Gov. Janet Mills arrives to swear in the new Legislature on Dec. 7, 2022, in Augusta. Credit: Robert F. Bukaty / AP

WATERVILLE, Maine — Gov. Janet Mills, along with state and federal officials, is expected to announce a $5 million award that will be used for high-speed internet access throughout Maine.

Mills, Maine Connectivity Authority and National Telecommunications and Information Administration officials are scheduled to make the announcement at 11 a.m. on Thursday at Thomas College in Waterville.

Maine has long struggled with reliable internet access, particularly in its rural communities. The COVID-19 pandemic further highlighted the need for affordable broadband when online schooling, remote work and telehealth sessions became essential. Many households remain without broadband despite the state’s efforts to address the issue.

The $5 million is just one piece of roughly $250 million that the federal government will likely award to Maine for broadband, according to Maine Connectivity Authority officials.

The $5 million award, which will flow through the connectivity authority, kicks off the process of creating a broadband action plan that will dictate how the total funds are spent over the next five years, said Brian Allenby, spokesperson for the connectivity authority.

For example, funds could be used to expand networks or build new ones, he said. The connectivity authority is also focused on digital equity and getting people the devices and skills they need to take advantage of services.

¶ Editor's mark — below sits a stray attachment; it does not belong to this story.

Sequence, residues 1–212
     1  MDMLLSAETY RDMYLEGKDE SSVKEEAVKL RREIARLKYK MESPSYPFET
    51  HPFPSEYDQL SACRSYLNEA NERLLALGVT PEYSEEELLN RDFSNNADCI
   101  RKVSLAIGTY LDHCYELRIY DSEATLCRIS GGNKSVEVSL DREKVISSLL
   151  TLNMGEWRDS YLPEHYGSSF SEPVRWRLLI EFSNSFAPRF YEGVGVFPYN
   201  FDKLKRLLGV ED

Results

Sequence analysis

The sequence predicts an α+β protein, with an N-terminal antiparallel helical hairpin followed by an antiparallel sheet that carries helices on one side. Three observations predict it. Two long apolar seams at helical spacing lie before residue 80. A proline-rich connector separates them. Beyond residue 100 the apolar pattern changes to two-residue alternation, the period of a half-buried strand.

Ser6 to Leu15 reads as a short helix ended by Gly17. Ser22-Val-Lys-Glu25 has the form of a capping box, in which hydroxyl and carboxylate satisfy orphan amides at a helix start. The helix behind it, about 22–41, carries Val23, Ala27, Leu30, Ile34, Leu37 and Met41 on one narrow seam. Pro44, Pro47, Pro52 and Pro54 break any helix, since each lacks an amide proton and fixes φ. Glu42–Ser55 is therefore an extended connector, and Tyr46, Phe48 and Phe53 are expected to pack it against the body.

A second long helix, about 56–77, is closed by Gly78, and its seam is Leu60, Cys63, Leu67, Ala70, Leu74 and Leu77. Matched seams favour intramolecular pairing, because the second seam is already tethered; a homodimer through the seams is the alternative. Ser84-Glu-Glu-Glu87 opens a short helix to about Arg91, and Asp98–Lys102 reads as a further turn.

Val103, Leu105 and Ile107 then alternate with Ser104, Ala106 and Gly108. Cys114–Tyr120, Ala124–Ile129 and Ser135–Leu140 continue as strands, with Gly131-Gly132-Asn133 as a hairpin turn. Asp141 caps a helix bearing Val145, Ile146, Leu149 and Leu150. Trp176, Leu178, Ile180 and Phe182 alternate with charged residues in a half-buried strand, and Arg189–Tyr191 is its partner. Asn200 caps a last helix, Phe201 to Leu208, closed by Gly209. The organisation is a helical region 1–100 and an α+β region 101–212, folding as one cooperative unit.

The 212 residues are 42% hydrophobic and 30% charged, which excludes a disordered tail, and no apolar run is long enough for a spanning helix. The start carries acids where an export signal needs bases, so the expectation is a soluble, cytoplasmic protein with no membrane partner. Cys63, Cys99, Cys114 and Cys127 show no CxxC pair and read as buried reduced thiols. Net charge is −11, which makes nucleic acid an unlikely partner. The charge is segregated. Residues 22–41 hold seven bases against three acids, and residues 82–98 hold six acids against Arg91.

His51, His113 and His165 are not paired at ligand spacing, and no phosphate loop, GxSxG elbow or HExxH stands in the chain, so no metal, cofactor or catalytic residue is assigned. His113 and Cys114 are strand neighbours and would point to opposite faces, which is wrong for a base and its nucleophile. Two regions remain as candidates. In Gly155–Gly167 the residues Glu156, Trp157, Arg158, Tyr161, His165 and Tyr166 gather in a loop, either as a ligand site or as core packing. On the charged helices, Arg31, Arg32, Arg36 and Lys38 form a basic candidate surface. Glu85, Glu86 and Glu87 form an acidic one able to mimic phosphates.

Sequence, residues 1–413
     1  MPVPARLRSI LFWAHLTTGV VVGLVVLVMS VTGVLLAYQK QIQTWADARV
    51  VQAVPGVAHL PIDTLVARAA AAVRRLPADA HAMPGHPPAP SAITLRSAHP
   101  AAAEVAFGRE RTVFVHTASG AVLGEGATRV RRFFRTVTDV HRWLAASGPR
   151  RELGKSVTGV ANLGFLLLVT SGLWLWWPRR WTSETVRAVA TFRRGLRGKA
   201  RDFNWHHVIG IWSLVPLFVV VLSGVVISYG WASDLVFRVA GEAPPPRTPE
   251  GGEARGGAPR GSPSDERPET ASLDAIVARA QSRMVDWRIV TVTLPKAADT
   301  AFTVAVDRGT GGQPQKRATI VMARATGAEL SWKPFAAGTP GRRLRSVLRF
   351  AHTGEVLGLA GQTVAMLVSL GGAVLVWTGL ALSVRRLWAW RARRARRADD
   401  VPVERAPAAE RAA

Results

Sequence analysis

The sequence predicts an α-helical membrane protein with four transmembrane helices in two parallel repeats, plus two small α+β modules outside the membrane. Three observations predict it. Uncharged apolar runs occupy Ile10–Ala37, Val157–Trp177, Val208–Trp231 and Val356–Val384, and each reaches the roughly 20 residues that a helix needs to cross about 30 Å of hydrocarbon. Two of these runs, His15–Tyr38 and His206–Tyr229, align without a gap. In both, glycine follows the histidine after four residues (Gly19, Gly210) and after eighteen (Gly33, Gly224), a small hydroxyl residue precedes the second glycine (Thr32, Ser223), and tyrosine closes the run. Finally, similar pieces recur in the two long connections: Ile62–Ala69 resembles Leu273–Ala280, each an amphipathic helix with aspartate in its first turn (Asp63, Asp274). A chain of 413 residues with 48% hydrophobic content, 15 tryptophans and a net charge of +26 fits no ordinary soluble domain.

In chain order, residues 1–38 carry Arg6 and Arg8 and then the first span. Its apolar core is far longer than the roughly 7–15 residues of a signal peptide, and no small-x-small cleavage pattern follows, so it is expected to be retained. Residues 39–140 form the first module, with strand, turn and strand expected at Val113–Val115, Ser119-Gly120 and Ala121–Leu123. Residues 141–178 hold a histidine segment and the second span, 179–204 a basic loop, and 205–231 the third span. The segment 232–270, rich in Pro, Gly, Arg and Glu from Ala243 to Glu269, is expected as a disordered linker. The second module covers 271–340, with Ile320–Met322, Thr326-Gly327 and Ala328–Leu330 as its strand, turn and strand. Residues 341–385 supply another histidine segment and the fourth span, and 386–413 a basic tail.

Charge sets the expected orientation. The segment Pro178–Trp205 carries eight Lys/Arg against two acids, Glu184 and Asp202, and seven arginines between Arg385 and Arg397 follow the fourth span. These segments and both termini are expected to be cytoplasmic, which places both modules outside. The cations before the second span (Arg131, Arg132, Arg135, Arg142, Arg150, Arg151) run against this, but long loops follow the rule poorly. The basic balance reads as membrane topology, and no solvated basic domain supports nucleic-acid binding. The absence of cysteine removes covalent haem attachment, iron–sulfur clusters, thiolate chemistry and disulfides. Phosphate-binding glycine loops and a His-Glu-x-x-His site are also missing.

“Device lending programs could be something we explore,” he said. “Where are the digital hubs that can help people develop digital literacy skills?”

It’s rare for federal officials to visit Maine for such an announcement, Allenby said, and this will give stakeholders at various levels a chance to weigh in on the future of broadband in the state.

The millions of dollars come from the federal government’s BEAD — or Broadband Equity, Access and Deployment — program that was created and funded by the bipartisan infrastructure law. It’s providing billions of dollars to states to expand high-speed internet access.

Established in 2021, the connectivity authority is tasked with achieving universal access to affordable, high-speed broadband in Maine. Through this process, it will spend months designing a plan that will be submitted to the federal government in the summer.

The process includes data collection and research that identifies unserved and underserved locations, surveys in those communities to better understand barriers, communications support and more, according to information from the office of Republican U.S. Sen. Susan Collins, who said internet access is critical to the vitality of rural communities.

Collins and independent Sen. Angus King both worked to negotiate and pass the bipartisan infrastructure law.

King noted that broadband access is essential for small businesses, telehealth patients, families and students in rural and urban areas, and pledged to continue advocating for  programs that close the digital divide.

Also at Thursday’s meeting, officials will recognize regional and tribal organizations receiving 26 awards that total $4 million. The funds are meant to support community-driven broadband solutions that grow the number of partners thinking about digital equity and help communities better align with each other and the state, according to the connectivity authority.

Along with Mills, Andrew Butcher, president of Maine Connectivity Authority, and Alan Davidson, assistant secretary of commerce for communications and information and NTIA administrator, will speak at Thursday’s event.